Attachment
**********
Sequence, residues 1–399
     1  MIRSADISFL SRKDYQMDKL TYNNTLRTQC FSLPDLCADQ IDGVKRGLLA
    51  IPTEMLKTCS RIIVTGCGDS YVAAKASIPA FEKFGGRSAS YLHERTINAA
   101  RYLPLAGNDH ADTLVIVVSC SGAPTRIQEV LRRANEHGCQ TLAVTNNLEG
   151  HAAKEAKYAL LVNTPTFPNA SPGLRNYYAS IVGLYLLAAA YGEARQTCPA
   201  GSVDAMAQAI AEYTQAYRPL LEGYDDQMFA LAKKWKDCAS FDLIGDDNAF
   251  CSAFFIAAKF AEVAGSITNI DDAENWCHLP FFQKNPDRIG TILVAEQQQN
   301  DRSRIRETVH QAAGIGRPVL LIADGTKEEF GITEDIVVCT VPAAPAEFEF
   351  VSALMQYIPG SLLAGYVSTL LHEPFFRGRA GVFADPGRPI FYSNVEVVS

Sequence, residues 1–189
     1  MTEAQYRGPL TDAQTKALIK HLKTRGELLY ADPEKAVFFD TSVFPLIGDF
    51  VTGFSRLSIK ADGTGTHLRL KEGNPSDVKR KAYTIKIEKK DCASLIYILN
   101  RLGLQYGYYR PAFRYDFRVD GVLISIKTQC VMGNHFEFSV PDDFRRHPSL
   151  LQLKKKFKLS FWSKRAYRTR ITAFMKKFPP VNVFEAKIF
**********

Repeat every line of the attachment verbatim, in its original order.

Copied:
Sequence, residues 1–399
     1  MIRSADISFL SRKDYQMDKL TYNNTLRTQC FSLPDLCADQ IDGVKRGLLA
    51  IPTEMLKTCS RIIVTGCGDS YVAAKASIPA FEKFGGRSAS YLHERTINAA
   101  RYLPLAGNDH ADTLVIVVSC SGAPTRIQEV LRRANEHGCQ TLAVTNNLEG
   151  HAAKEAKYAL LVNTPTFPNA SPGLRNYYAS IVGLYLLAAA YGEARQTCPA
   201  GSVDAMAQAI AEYTQAYRPL LEGYDDQMFA LAKKWKDCAS FDLIGDDNAF
   251  CSAFFIAAKF AEVAGSITNI DDAENWCHLP FFQKNPDRIG TILVAEQQQN
   301  DRSRIRETVH QAAGIGRPVL LIADGTKEEF GITEDIVVCT VPAAPAEFEF
   351  VSALMQYIPG SLLAGYVSTL LHEPFFRGRA GVFADPGRPI FYSNVEVVS

Sequence, residues 1–189
     1  MTEAQYRGPL TDAQTKALIK HLKTRGELLY ADPEKAVFFD TSVFPLIGDF
    51  VTGFSRLSIK ADGTGTHLRL KEGNPSDVKR KAYTIKIEKK DCASLIYILN
   101  RLGLQYGYYR PAFRYDFRVD GVLISIKTQC VMGNHFEFSV PDDFRRHPSL
   151  LQLKKKFKLS FWSKRAYRTR ITAFMKKFPP VNVFEAKIF